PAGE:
Mercer | Can't afford to retire? Time to get financially fit

Mercer | Can't afford to retire? Time to get financially fit

Can't afford to retire? Time to get financially fit

  • Sunday, 17 September 2017
  • Ireland, Dublin

By Mairead O’Mahony, Defined Contribution & Financial Wellness Leader, Mercer Ireland

Published in the Sunday Business Post – 17th September

Irish life expectancy in 1916 was 53; now one in four babies born in Ireland today will live to 100. This impressive turnaround begs an important question: can we afford the financial costs associated with our new-found longevity?

As it stands, the truthful answer is no, and it’s an unpalatable truth for many: just this week, ESRI research presented at the Oireachtas Committee on Budgetary Oversight suggested that one solution might be to increase the pension age to 70.  This prompted understandably concerned responses from advocacy groups for the elderly.

However the reality remains that Ireland faces a pension gap of €560bn, or twice our annual GDP, and this is growing as our population matures. Put simply, individuals and government are just not saving enough.

We are not alone in this dilemma. Mercer research, in collaboration with the World Economic Forum, puts the global retirement savings deficit at a mind-boggling $70 trillion. And this gap is just part of a broader set of financial challenges people may encounter throughout their lives.

Fears about our financial well-being are also taking up a huge amount of time in the workplace. Mercer’s Inside Employees’ Minds survey revealed that employees spend up to 13 working hours per month worrying about personal financial issues such as paying bills or saving for retirement.

To help ease these concerns, and to ingrain a savings and financial wellness habit into our DNA, we need all key stakeholders - including the State, employers, and individuals – to work together to address these challenges. A recent Mercer paper entitled “Bold Ideas for Mending the Long-Term Savings Gap” provides a four-step approach to how this could work.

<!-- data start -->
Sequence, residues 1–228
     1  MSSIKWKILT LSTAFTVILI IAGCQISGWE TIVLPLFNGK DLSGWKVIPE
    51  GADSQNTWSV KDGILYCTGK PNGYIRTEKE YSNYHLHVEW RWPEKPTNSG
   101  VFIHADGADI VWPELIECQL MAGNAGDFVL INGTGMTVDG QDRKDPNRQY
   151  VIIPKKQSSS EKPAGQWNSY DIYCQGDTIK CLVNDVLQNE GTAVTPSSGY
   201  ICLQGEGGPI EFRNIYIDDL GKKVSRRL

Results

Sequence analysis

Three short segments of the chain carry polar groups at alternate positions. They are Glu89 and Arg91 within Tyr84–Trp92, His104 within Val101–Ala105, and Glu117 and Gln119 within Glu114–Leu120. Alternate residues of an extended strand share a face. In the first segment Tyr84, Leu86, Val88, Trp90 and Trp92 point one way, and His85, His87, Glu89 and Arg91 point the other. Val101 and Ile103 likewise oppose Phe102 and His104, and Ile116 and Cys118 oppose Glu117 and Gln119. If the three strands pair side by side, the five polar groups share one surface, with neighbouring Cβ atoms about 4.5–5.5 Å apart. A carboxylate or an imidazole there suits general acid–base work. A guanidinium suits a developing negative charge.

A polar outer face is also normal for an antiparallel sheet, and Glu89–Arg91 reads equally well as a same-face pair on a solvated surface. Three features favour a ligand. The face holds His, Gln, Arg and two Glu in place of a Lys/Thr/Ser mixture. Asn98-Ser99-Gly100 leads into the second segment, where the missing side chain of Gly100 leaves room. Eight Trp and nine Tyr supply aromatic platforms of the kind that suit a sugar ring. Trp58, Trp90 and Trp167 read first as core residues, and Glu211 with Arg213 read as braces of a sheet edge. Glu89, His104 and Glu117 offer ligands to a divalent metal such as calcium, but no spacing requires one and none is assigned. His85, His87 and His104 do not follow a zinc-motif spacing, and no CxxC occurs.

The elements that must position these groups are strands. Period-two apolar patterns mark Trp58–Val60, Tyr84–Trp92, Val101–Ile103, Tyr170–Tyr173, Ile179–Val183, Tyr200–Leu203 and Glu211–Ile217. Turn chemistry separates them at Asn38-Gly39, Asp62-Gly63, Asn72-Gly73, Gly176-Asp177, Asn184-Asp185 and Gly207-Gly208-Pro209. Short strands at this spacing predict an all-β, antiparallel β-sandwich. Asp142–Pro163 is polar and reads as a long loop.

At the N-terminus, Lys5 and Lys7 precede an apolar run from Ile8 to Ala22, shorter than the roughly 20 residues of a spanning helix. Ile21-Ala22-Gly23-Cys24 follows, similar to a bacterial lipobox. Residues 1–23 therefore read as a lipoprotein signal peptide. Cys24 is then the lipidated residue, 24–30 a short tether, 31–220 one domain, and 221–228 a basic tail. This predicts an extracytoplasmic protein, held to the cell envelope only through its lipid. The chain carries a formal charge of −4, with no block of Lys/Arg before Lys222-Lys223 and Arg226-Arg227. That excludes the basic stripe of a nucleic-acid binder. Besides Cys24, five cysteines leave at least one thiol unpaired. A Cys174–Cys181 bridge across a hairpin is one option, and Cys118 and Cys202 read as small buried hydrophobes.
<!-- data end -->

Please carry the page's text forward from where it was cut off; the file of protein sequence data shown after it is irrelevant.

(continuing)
First, we need to provide the appropriate framework to help those individuals take control of their financial future.  

With the steady trend away from defined benefit pensions towards individualised savings, individuals are assuming an increasing share of the responsibility for planning and providing for their retirement. This is against a backdrop where the financial crisis has damaged trust in financial markets.

The State can re-instil trust in the financial system through the creation of an appropriate regulatory regime, requiring strong standards of governance and transparency within the savings vehicles available to individuals. State-sponsored campaigns similar to those for mental health or road safety, and early intervention at primary and secondary schools, can also raise awareness and kick-start the necessary behavioural changes needed to address the savings gap.

Employers too have an important role to play. They are uniquely positioned to understand their workforce and can raise employee awareness of the financial benefits available and how they can be put to best use. Many employers recognise the win-win inherent in contributing to a happier, more productive workforce in this way. Those 13 hours spent fretting about money each month have an impact: international research by Mercer shows that the average cost of lost productivity attributable to employee stress is 7.8% of payroll.